Stormy Weather

With this blog, I will look at the weather and the way it is used as dramatic imagery, particularly storms.  We have all been caught in one at one time; it depends on the person whether you just whinge about being soaked, or enjoy the majestic and spectacular drama that nature provides.

Shakespeare used storm imagery in most of his plays: the famous analogy about the seasons, then louring clouds in Richard III, thunder and lightning in Macbeth, and the dramatic storm of the heath in King Lear, which refers to both the drama in the play, and the king’s state of mind.

Many other writers have done this, of course.  As do movie-makers today, the rain lashing the windows is de rigueur during the climax of many a blockbuster film.  Storms as a metaphor for approaching trouble can be seen in expressions such as “in for stormy weather” and one that sailors of Shakespeare’s day would well understand, “batten down the hatches”.  You prepare for trouble by closing the hatches, which lead from the ship’s deck to the hold, or interior.  When a storm was approaching, they would close these with wooden planks called battens, to make the ship safe and watertight (Enslen).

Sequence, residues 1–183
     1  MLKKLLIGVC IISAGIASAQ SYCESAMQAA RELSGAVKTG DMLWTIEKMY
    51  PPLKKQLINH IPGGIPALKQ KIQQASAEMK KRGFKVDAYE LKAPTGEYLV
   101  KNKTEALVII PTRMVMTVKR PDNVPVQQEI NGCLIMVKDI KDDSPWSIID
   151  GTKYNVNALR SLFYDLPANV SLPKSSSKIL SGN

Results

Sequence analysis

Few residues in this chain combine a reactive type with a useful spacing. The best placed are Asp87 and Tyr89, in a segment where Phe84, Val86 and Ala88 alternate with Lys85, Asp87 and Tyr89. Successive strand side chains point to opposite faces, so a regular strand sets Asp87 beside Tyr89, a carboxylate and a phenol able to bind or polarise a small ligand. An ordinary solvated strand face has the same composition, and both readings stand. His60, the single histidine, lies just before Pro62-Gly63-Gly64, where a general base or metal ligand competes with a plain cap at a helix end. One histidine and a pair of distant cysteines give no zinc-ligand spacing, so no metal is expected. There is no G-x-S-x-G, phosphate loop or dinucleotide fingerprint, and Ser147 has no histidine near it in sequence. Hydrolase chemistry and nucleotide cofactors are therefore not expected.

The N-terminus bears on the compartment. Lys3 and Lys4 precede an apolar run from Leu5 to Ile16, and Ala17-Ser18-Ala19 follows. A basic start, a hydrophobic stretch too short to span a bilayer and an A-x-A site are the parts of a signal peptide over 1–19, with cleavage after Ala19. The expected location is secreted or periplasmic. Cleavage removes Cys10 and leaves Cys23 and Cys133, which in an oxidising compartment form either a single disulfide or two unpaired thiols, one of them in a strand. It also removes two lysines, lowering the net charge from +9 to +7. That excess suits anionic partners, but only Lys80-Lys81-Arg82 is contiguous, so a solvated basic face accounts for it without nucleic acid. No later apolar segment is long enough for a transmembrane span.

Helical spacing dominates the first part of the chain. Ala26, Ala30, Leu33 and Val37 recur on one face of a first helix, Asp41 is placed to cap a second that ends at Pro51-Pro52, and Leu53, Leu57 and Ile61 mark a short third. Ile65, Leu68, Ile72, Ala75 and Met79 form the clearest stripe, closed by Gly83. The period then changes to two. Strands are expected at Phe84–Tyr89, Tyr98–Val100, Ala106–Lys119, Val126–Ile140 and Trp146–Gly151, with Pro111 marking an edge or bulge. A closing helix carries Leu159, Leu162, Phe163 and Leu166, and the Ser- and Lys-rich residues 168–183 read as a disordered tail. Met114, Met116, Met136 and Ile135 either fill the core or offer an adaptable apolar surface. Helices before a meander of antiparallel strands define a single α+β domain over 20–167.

One play that uses these analogies a lot is The Tempest.  This is obvious by the very title, a tempest is “a violent windstorm, especially one with rain, hail, or snow” (Dictionary.com).  This is how the play begins, with a violent storm at sea, and a shipwreck.  There is also the tempest that results when Duke Prospero is rediscovered, living on a small island like a Renaissance version of Gilligan, in its aftermath.

 

 

 

 

WORKS CITED

Enslen, Samantha.  What Does ‘Batten Down the Hatches’ Mean? Grammar Girl. http://www.quickanddirtytips.com/education/grammar/what-does-batten-down-the-hatches-mean

http://www.dictionary.com/browse/tempest

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